Recently, Cronos Group made history when they became the world's first plant-touching cannabis company to be listed on Nasdaq - a milestone for the industry.
According to a report on CNBC by Reuters’ Mark Blinch, it is the not the first time a cannabis-related company has been listed on a major U.S. exchange. In December, Alternative Harvest ETF, a fund that trades on the NYSE Arca, started investing in marijuana companies, giving investors access to a basket of marijuana stocks. By March, Alternative Harvest had increased its assets to more than $400 million. Cronos Group is included in that fund.
But with Cronos Group's listing on the Nasdaq, for the first time, investors can buy a specific cannabis stock. More cannabis companies are sure to follow, says Blinch.
Cronos Group operates cannabis cultivation and distribution operations in Australia, Canada, Germany, and Israel — countries in which medical marijuana is legal. The company’s stock is also traded in Canada and Germany.
Stock exchanges have stringent requirements for companies looking to list. Having broken federal laws is a deal breaker, Blinch points out. So, Canadian companies meet listing requirements because medical cannabis is legal in Canada. But U.S.-based growers cannot because cannabis is federally illegal. U.S. companies are also excluded from the Toronto Stock Exchange for the same reason.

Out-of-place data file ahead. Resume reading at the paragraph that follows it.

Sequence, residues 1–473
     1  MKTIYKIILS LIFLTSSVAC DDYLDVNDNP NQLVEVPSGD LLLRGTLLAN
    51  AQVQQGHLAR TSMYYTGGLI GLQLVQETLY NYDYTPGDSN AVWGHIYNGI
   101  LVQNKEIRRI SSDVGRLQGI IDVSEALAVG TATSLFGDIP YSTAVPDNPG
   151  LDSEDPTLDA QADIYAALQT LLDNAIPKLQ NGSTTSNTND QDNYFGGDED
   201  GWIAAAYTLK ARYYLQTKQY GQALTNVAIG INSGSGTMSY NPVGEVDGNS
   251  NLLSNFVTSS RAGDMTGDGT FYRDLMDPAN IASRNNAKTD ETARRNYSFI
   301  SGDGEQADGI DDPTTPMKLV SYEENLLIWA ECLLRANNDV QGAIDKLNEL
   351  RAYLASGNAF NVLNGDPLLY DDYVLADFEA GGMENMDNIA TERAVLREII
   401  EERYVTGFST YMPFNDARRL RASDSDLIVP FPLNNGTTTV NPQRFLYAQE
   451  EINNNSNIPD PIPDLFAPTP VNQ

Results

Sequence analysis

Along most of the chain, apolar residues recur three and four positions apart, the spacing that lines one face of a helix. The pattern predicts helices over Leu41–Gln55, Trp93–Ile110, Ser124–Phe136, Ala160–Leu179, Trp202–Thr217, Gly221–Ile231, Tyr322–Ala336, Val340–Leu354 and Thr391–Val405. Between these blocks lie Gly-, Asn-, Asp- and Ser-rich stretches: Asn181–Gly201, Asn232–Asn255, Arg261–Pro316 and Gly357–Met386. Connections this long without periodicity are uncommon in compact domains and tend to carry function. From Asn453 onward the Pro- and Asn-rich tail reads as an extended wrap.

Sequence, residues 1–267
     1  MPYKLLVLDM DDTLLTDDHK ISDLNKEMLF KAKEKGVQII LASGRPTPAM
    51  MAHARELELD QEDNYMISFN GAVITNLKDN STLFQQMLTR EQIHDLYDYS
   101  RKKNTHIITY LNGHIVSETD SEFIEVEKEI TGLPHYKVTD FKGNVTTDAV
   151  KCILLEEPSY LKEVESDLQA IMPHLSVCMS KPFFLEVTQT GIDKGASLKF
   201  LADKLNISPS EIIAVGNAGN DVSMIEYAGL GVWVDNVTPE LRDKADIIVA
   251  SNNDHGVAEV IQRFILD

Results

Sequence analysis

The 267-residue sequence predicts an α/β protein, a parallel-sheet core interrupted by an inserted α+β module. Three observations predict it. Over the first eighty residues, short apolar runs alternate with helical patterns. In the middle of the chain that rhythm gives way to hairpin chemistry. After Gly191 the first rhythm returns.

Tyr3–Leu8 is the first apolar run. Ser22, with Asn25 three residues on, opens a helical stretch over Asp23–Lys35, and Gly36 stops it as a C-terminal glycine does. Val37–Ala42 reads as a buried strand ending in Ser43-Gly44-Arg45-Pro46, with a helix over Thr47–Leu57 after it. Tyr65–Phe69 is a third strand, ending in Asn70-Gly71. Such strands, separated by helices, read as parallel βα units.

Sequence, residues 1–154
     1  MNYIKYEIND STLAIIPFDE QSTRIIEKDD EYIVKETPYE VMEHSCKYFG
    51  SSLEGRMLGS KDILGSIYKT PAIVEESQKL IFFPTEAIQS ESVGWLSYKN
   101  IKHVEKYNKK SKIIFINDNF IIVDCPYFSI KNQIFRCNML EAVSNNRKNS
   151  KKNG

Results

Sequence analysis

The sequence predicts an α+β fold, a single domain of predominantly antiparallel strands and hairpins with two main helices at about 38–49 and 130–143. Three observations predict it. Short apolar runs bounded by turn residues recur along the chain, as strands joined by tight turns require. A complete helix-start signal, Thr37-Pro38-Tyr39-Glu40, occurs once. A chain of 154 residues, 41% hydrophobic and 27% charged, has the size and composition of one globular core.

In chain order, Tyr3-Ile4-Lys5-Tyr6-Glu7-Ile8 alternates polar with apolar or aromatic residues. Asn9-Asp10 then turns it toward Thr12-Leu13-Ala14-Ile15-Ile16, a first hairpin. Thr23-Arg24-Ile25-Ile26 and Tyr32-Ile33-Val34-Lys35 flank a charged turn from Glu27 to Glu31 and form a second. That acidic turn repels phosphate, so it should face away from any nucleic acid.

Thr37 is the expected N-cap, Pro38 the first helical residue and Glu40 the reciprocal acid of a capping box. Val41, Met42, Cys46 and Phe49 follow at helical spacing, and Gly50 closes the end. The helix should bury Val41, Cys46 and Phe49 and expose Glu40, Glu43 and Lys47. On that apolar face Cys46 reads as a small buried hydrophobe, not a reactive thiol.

"It is a significant signal that a major U.S. exchange does not have an issue with cannabis, but rather the U.S. federal status," said Hadley Ford, CEO of iAnthus Capital.
Public companies that cannot list on the major exchanges can, however, list on alternative exchanges. The U.S. over-the-counter exchanges and the Canadian Securities Exchange are examples. But these types of exchanges typically result in less access to major institutional investors, according to Blinch.
Being one of the first companies to list on Nasdaq has its advantages. For instance, it gives major investors around the globe access.
“The Canadian market may be getting a leg up over the U.S.,” says Blinch, “but most aren't overly concerned that Canada will leave its southern neighbor in the dust.”